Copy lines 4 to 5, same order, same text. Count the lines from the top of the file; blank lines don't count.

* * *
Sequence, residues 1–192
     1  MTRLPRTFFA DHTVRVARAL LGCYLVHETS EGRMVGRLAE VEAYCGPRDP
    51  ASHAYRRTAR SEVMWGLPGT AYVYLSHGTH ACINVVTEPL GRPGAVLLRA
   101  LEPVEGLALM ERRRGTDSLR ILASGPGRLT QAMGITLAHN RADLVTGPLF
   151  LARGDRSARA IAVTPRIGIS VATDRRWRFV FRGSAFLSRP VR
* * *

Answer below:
   101  LEPVEGLALM ERRRGTDSLR ILASGPGRLT QAMGITLAHN RADLVTGPLF
   151  LARGDRSARA IAVTPRIGIS VATDRRWRFV FRGSAFLSRP VR